HARRISVILLE- Ritchie County Commission is poised to get the funding in place and finalized to pay for the construction of a courthouse annex.
The commission is scheduled to sign off on an agreement for around $5 million in USDA bonds on Sept. 12, Commission President Sam Rogers said.
The county is estimating it will need around $4 million to complete the project, but is securing $5 million in case costs go over so local officials don't have to come back and secure more, Rogers said.
''We are working on the lease,'' he said.
Ritchie County Building Commission will have a second reading on the proposal today. If approved, a final reading will be Oct. 3.
The county has worked out a 3.5 percent rate on the funding and a 35-year payback schedule, Rogers said.
A call for bids on the project has gone out with the bids due Oct. 1.
Space in the Harrisville courthouse has been tight. Officials said the space has not been available to adequately handle the needs of the family law master, the circuit judge and the magistrate.
Things were compounded when the old library - used for magistrate and family court offices - was damaged by the derecho last year. The damage forced magistrate officials to relocate to a building on Main Street in Harrisville.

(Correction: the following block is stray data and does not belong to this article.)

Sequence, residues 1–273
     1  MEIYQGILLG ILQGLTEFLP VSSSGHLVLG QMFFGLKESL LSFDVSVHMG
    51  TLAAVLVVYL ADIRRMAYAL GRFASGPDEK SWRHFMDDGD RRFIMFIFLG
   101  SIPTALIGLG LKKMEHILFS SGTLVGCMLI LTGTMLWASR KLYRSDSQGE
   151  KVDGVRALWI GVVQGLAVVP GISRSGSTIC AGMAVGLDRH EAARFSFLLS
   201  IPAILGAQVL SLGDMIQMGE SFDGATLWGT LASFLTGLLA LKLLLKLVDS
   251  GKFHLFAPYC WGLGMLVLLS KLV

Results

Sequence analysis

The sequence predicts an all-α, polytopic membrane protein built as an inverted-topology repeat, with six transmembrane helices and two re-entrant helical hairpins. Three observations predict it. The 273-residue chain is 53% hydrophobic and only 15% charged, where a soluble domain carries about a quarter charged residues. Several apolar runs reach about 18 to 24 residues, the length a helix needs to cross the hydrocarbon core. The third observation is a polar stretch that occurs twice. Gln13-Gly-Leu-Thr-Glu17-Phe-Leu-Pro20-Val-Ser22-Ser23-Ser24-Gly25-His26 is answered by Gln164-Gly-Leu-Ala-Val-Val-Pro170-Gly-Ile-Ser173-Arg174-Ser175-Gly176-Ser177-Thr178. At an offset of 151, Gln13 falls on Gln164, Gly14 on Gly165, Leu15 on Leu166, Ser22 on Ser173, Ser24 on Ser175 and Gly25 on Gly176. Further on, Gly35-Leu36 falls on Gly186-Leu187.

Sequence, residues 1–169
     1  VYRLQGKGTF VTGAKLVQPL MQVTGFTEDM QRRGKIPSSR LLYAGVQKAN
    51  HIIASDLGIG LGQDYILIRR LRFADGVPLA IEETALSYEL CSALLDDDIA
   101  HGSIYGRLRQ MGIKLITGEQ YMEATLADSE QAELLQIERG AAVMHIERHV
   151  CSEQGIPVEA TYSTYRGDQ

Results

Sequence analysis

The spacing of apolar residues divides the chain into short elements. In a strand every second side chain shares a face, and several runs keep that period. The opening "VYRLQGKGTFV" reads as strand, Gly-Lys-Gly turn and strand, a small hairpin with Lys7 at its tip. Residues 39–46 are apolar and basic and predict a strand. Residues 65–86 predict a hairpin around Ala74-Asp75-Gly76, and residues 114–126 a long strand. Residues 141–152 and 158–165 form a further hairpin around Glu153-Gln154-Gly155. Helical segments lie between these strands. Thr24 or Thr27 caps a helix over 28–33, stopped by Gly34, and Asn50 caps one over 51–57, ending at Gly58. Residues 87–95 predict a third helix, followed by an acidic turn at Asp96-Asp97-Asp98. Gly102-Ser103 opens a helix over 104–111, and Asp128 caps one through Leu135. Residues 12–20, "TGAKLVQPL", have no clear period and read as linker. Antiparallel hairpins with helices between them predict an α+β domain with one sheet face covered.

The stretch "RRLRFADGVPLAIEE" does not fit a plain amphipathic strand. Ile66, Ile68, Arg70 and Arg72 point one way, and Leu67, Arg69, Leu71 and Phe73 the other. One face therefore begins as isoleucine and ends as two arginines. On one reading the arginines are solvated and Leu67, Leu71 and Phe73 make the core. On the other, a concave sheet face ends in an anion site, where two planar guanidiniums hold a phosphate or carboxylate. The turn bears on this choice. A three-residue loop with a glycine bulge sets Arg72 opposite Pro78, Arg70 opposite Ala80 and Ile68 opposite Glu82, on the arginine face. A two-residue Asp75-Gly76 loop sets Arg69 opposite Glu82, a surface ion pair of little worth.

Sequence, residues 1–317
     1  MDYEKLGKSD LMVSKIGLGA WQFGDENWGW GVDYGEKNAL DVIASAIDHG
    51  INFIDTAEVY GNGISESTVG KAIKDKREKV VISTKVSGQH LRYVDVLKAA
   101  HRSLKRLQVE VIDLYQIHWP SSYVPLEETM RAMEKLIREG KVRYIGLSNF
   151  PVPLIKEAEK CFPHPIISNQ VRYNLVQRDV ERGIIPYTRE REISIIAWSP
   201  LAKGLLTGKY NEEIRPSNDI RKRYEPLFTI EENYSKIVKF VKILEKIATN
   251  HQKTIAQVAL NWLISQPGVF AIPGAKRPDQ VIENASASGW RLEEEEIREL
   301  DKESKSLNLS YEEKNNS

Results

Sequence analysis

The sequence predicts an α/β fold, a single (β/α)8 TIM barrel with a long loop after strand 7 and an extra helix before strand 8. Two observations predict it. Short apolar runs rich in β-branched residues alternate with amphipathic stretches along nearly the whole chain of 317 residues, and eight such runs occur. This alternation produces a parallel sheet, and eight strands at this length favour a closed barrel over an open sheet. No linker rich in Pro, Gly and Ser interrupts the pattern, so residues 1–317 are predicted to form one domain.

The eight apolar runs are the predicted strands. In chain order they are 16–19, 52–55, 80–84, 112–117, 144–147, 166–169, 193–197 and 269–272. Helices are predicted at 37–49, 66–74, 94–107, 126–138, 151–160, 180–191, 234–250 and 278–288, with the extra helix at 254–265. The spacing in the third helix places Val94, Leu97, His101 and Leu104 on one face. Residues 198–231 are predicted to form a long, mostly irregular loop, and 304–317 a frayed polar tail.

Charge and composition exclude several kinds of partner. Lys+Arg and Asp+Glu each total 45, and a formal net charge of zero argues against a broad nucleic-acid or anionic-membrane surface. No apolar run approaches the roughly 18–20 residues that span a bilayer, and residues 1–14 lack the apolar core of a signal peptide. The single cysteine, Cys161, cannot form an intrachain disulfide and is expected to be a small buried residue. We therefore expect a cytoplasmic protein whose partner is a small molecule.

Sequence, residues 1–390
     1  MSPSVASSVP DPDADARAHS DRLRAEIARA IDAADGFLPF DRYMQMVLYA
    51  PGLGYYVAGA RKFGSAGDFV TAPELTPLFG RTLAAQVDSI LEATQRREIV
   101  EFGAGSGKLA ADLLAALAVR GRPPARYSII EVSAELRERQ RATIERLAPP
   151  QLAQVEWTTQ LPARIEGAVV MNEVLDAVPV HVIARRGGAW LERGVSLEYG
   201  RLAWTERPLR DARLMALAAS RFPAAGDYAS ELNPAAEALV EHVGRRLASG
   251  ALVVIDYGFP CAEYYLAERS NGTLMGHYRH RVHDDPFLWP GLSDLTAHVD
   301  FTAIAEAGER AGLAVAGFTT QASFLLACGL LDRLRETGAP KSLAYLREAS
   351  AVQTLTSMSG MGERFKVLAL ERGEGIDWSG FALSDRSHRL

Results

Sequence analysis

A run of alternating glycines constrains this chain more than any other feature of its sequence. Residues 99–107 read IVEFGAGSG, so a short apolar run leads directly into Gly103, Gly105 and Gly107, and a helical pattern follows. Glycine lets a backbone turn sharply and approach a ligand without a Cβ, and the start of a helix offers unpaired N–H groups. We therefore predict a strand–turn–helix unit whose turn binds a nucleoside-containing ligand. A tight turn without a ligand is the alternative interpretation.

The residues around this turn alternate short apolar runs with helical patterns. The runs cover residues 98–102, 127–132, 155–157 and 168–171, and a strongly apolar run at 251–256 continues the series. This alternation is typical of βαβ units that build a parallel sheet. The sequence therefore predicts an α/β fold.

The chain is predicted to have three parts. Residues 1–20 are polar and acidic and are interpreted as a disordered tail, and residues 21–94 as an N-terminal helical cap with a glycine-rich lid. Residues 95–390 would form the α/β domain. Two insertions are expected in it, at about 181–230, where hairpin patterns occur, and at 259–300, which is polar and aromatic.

The county's family law master is using one of the circuit court judge's conference rooms.
The courts have run out of space, county officials said.
Officials have architectural and design plans for 12,000-square-foot annex spread out over three floors.
County officials have had asbestos removed from the old library on the site and tore it down recently.
The county's magistrate court office has been in three locations in the downtown area in as many years, officials said.
The new annex will move the magistrate court to the courthouse and give it a permanent home. The new space will provide room for the family law master.
The project would provide handicapped accessibility to the entire courthouse and create a waiting area for the circuit court.
The annex would be a free-standing building, but would allow handicapped access through its elevators to all the floors of the courthouse.
County officials have been trying for 20 years to build an annex to accommodate growing space needs.